Programs

Certificate Program in Performing Arts and Acting

Our acting school isn’t for everyone; it’s for people – like you – who are really serious about their acting careers. As any working actor will tell you, practice and training are essential to make you stand out from the thousands of others trying to start careers acting.

In the Certificate Program, you will learn acting for film and television, as well as the basics of voice, movement, improvisation, the history of acting, and more.

Throughout the 22 week program (two 11-week terms)  you will have opportunities to appear in IAFT student films, making our acting program a coveted opportunity for serious acting students.

PROGRAM DESCRIPTION:

The program offers a comprehensive approach to acting, movement and voice. Each term, students are assigned material from both the film world and the stage to rehearse and then present to a live audience. Additionally, acting students will be eligible to perform in student films produced in the IAFT Filmmaking Program, creating a dynamic synergy between the two programs. The Certificate Program in Performing Arts—Acting is comprised of two 10-week terms. Students attend class four days a week with an additional average 8½-hour on-campus lab period per week. The IAFT Acting Program is unique because students pursue their training observing the best-practice principles of stage and especially acting for the camera. And, significantly, it offers the opportunity for the student to perform frequently in both mediums. The maximum students-to-teacher ratio in a classroom or lab session is 12:1.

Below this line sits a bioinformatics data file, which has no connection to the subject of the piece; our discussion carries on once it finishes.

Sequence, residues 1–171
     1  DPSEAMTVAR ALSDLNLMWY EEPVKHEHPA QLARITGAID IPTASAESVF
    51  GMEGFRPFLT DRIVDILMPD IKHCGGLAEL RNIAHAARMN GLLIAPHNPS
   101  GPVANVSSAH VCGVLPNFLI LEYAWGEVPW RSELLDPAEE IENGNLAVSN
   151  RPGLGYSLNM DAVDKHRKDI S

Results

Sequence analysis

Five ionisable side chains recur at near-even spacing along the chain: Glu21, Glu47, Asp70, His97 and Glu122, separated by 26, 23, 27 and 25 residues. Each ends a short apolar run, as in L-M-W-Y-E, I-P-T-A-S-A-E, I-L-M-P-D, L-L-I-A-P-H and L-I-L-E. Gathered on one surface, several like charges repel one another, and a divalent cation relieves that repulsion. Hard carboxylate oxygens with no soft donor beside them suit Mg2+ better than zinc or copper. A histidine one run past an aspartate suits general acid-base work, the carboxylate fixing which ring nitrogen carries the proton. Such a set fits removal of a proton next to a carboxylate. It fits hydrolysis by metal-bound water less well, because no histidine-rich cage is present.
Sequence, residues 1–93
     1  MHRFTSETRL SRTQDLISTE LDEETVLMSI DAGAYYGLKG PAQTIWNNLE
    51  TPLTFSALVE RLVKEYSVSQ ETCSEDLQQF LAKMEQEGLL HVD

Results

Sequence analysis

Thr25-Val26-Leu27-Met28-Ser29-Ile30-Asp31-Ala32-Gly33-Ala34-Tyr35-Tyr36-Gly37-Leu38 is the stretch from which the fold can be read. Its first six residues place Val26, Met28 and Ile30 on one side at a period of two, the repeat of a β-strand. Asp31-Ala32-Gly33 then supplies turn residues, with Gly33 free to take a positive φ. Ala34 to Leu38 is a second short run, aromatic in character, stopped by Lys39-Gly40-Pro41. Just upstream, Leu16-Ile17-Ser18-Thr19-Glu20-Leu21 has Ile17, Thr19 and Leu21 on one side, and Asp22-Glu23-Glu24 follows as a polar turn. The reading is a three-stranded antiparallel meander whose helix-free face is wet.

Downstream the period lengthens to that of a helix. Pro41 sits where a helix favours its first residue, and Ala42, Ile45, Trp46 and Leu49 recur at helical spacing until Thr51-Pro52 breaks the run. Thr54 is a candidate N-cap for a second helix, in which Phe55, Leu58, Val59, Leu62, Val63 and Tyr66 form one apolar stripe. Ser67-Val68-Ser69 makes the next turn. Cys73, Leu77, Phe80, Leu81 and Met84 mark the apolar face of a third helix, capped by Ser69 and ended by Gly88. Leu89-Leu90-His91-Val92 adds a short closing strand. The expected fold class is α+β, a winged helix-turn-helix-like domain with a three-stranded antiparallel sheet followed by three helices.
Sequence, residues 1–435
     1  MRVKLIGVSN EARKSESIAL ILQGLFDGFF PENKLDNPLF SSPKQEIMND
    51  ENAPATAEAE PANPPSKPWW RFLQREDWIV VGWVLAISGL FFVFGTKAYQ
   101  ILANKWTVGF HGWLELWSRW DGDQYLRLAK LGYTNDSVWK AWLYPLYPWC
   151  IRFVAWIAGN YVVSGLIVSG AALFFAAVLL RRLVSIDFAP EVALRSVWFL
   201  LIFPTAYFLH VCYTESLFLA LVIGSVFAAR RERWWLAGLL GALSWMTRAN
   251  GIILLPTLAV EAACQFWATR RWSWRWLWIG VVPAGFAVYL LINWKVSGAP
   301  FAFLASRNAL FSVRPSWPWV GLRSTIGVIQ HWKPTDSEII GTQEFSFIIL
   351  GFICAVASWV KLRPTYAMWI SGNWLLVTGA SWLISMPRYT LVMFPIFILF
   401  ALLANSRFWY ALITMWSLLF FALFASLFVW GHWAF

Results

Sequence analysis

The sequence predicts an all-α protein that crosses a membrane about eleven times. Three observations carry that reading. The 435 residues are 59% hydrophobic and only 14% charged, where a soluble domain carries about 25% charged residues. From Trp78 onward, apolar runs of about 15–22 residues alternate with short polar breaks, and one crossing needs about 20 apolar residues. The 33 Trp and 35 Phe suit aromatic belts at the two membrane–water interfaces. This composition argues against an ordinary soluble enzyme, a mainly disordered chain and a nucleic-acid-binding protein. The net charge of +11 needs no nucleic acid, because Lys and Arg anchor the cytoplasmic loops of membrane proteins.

PROGRAM OBJECTIVES: